# Cost of Debt – What it Is & How to Calculate [Formula]

Written By
Written By
Dan Buckley
Dan Buckley is an US-based trader, consultant, and part-time writer with a background in macroeconomics and mathematical finance. He trades and writes about a variety of asset classes, including equities, fixed income, commodities, currencies, and interest rates. As a writer, his goal is to explain trading and finance concepts in levels of detail that could appeal to a range of audiences, from novice traders to those with more experienced backgrounds.
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The cost of debt is the rate of interest that a company pays on its outstanding debt.

The cost of debt is used in weighted average cost of capital (WACC) calculations for valuation purposes, which makes it important in everyday finance and market contexts.

## How the Cost of Debt Works

The cost of debt is the effective rate that a company pays on its outstanding debt. The interest expense associated with debt is tax-deductible in many jurisdictions, so the after-tax cost of debt is the true cost.

There are several types of debt a company may have, including bonds, loans, and lines of credit.

The cost of debt is the weighted average of the interest rates associated with each type of debt. The weights are the percentages of total debt that each type represents.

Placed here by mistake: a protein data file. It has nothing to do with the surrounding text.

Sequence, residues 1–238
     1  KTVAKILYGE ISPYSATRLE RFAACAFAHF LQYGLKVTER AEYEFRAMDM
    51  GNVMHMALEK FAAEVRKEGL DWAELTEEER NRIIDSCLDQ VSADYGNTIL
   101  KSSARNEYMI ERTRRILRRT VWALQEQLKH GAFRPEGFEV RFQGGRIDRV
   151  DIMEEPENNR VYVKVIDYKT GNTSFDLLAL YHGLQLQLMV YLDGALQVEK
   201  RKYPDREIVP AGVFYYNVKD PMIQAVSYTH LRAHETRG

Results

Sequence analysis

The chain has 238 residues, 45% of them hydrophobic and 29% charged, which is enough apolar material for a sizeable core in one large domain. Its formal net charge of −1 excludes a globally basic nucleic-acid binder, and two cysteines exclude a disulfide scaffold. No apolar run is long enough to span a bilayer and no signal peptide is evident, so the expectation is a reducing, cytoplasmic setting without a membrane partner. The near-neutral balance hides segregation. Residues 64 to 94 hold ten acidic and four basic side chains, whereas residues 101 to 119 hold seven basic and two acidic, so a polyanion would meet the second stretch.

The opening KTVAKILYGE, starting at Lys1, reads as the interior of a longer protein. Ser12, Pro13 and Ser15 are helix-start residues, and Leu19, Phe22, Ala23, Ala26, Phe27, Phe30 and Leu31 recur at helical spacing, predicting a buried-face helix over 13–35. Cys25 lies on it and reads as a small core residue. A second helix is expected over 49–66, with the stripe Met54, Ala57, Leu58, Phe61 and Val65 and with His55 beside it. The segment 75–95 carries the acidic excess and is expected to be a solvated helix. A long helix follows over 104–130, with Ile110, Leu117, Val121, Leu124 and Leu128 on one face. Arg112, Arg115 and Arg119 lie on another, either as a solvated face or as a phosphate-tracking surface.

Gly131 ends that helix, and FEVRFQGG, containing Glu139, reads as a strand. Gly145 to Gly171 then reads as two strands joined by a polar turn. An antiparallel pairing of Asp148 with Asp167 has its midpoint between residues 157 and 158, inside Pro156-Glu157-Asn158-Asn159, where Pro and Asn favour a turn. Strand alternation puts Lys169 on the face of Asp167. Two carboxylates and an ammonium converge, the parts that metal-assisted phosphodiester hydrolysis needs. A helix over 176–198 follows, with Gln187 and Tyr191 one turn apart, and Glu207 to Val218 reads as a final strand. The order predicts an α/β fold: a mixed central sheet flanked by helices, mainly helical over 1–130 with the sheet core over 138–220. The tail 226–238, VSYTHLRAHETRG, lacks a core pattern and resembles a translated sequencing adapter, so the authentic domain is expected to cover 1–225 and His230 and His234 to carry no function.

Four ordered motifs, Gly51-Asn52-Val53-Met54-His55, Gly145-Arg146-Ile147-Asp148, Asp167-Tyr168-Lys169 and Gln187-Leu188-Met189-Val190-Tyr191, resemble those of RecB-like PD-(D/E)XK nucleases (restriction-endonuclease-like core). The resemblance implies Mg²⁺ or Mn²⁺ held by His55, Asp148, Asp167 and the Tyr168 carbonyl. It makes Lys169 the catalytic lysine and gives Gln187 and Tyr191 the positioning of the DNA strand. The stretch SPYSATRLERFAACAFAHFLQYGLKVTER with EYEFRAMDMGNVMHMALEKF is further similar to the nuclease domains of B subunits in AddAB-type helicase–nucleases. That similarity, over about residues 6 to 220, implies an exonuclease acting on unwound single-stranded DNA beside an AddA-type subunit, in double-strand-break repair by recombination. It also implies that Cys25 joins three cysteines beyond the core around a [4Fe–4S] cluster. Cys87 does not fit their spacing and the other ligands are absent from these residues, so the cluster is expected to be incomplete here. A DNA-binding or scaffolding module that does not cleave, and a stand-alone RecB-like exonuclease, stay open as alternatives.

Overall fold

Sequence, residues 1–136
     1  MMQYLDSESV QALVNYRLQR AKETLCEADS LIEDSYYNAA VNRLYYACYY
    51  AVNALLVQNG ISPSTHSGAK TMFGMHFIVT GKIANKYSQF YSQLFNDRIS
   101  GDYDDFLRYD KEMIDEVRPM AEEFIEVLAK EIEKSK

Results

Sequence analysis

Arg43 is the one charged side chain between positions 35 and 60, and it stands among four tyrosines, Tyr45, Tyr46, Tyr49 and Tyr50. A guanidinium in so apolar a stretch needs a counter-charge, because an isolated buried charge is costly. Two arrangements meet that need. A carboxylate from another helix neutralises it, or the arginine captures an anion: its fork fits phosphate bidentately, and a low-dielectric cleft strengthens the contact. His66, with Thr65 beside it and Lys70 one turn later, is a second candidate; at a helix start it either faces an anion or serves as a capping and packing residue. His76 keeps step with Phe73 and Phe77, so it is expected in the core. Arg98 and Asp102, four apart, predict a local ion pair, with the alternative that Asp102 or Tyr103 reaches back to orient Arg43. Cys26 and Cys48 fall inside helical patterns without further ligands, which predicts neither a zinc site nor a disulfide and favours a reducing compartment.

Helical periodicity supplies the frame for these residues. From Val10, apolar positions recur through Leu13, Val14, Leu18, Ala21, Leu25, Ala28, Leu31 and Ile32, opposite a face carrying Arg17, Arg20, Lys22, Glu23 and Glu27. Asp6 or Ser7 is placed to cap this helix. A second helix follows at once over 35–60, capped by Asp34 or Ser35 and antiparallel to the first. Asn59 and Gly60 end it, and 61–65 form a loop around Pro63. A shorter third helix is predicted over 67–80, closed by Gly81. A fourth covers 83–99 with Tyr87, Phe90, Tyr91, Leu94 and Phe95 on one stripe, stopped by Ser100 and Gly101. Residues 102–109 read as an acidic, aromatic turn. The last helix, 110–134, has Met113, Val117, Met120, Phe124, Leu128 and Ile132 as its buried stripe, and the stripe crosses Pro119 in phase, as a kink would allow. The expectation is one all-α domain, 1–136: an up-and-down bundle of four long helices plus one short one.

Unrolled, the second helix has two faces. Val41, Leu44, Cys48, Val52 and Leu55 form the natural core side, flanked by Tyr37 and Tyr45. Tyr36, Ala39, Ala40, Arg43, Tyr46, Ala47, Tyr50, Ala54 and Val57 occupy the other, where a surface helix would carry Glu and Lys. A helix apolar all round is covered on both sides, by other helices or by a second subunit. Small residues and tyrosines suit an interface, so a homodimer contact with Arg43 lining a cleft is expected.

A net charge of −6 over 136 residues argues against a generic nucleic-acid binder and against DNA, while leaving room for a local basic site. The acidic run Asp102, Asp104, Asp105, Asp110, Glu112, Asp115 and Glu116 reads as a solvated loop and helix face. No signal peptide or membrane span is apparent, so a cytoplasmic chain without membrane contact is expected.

To calculate the cost of debt, first, find the interest rate associated with each type of debt. For bonds, this is the coupon rate. For loans, it is the stated interest rate.

For lines of credit, it is the effective interest rate. Next, determine what percentage of total debt each type represents.

Finally, calculate the weighted average using the following formula:

Cost of Debt = (Bond Interest Rate x % of Total Debt in Bonds) + (Loan Interest Rate x % of Total Debt in Loans) + (Line of Credit Interest Rate x % of Total Debt in Lines of Credit)

The cost of debt is important because it is used in the weighted average cost of capital (WACC) calculation.

The WACC is the rate of return that a company must earn on its investments to satisfy its creditors, owners, and other stakeholders.

To calculate the WACC, first, find the cost of each type of capital: debt, equity, preferred stock, and other conceivable categories.